Inventory Development
Alpha Reliability


One of the primary measures of reliability is that known as alpha or internal consistency reliability. Gable (1986) noted that this reliability coefficient is drawn directly from the domain-sampling theory of measurement error described in Nunnally (1978). In so doing, the use of Cronbach's (1951) coefficient alpha addresses the error due to item sampling practices and the use of "one shot," single, or cross-sectional administrations of an instrument. Also, it provides an index that allows users to estimate the degree to which the items within a subscale or scale "hang together." Poorly selected items generally do not relate to one another as strongly as do items that have undergone a thorough and systematic process of item selection. As measurement error "creeps in," the body of items relate to one another less and less; accordingly, the alpha reliability estimate that represents these relationships tends to be lower than is conventionally desirable. In short, the less "internal consistency" within a body of items, the lower the alpha reliability estimate. The more inconsistent the response patterns are across items within an item pool, the lower the alpha reliability.

Evidence of the TSI's internal consistency is provided in Table 16 . This table contains the names, items, and alpha reliability estimates for each derived TSI subscale and scale, once each for the special (n = 2,352), regular (n = 962), and combined (n = 3,401) teacher samples.  Subscale reliability estimates for the special education teachers ranged from a low of .67 (Professional Investment) to a high of.86 (Gastronomic Manifestations); one estimate fell in the .60s, three in the .70s, and six in the .80s. The whole scale alpha reliability was .93. Subscale reliability estimates for the regular education teachers ranged from lows of .70 (both Professional Investment and Fatigue Manifestations) to a high of .87 (Time Management); no estimates fell in the .60s, six in the .70s, and four in the.80s. The whole scale alpha reliability was.92. Subscale reliability estimates for the combined teacher sample ranged from a low of .75 (Professional Investment) to a high of .88 (Gastronomic Manifestations); no estimates fell in the .60s, two in the .70s, and eight in the .80s. The whole scale alpha reliability for the combined sample was .93.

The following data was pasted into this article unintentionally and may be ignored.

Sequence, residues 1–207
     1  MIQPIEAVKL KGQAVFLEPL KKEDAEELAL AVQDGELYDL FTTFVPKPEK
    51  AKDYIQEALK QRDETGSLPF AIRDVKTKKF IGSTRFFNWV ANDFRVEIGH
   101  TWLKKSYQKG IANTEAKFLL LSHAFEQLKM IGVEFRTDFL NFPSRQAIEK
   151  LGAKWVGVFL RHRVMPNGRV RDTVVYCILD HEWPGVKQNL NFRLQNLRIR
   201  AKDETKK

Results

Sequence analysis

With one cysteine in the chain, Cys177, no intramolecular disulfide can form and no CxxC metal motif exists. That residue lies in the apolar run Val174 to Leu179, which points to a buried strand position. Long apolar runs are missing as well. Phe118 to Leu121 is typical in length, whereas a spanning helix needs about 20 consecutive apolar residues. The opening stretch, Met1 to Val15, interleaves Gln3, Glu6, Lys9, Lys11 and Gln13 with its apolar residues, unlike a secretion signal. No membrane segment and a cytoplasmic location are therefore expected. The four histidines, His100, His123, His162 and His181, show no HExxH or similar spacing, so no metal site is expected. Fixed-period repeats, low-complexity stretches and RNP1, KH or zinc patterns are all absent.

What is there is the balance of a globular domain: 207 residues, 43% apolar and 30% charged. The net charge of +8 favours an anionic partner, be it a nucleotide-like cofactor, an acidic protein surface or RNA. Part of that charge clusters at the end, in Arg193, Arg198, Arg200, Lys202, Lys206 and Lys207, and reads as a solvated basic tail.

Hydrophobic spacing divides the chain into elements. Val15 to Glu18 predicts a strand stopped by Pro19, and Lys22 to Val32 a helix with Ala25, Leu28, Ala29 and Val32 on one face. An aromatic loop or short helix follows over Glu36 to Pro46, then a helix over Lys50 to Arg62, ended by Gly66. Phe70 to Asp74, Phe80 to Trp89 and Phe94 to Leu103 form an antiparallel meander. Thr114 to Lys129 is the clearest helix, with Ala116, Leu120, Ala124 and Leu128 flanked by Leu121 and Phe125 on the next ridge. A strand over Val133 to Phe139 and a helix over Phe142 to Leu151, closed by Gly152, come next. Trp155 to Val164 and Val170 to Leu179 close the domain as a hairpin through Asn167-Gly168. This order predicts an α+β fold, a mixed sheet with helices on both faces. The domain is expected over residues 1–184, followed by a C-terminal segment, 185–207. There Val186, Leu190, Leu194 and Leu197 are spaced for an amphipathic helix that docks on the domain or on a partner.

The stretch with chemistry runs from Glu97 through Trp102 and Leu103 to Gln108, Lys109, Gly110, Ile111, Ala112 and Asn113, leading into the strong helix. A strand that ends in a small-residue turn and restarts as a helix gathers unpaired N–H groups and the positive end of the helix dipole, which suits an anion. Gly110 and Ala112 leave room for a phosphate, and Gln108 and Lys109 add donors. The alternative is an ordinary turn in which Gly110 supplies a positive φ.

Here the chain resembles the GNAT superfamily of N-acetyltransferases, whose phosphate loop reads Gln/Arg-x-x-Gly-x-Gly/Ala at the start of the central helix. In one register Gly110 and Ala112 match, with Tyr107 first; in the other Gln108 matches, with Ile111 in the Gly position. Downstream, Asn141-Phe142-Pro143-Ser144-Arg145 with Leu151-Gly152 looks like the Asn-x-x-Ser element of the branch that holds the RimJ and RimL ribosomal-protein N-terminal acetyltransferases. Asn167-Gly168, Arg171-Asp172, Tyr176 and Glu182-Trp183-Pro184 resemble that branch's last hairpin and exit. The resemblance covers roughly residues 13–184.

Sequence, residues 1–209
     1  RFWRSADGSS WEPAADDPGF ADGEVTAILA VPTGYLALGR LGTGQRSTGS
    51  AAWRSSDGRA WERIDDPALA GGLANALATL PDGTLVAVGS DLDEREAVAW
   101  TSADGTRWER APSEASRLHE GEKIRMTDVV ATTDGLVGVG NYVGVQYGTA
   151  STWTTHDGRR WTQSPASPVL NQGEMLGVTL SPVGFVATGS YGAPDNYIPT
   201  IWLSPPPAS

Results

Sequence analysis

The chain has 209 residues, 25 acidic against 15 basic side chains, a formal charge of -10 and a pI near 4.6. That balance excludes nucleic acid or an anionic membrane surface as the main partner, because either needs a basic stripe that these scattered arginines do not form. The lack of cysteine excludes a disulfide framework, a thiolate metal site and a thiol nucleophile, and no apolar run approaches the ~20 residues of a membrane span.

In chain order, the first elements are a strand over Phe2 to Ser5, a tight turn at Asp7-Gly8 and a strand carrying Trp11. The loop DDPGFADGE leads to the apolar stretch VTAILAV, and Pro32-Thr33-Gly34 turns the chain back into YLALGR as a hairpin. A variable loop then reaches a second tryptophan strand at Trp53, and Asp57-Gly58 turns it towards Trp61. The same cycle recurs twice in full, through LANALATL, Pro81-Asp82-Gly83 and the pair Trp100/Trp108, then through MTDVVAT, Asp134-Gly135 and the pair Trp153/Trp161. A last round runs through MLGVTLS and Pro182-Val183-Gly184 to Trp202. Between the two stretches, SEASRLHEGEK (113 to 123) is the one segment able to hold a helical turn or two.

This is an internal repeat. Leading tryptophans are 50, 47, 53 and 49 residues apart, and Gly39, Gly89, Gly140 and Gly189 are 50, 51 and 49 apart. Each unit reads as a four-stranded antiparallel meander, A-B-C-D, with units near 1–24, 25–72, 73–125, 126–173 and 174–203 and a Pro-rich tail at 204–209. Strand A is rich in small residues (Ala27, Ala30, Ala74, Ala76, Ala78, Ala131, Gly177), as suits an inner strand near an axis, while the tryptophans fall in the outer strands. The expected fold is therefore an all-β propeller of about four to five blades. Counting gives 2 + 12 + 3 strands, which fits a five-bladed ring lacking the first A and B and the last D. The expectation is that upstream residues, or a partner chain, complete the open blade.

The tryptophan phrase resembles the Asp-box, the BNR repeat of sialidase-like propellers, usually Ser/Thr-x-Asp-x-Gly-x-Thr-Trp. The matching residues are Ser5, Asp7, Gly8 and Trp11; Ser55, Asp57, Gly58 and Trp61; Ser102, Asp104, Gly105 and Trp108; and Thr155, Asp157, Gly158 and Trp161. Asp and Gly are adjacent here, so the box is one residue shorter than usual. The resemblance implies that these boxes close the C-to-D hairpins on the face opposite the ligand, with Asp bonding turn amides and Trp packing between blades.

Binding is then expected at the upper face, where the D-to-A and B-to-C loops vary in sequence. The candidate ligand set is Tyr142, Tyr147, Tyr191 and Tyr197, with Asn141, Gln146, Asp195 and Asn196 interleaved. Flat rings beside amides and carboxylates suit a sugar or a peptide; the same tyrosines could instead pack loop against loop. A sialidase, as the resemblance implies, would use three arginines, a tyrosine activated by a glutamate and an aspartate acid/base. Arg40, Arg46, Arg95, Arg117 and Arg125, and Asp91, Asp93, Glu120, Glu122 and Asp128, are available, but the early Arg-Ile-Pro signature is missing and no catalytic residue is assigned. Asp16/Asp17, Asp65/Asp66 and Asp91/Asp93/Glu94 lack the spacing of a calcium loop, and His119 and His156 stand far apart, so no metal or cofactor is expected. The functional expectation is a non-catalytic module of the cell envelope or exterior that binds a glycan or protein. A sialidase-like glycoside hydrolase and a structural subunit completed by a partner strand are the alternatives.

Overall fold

Since all items were included in the reliability analyses, and none reduced the subscale or scale reliability estimates, all 49 items were again retained. Based on these data, also, the pre-established target range of .60 to .90 for all TSI subscales was reached in each instance; the smallest approximated .67, whereas the largest exceeded .88. Sixty percent of the estimates fell above .80, and 96% fell above .70; thus, it is evident that the samples responded to the TSI in a consistently reliable fashion. Also, and with respect to the whole scale alpha estimates of .93,.92, and .93 for the combined, special education, and regular education teacher groups, respectively, these values indicate a high degree of overall internal consistency across samples.

Based on the aforementioned criteria for item acceptance or deletion, item numbers were neither reduced via the factorial validation nor reduced via the internal consistency reliability analyses. Thus, all 49 stress strength items were retained, and all reliabilities were judged adequate for present subscale inclusion in the TSI.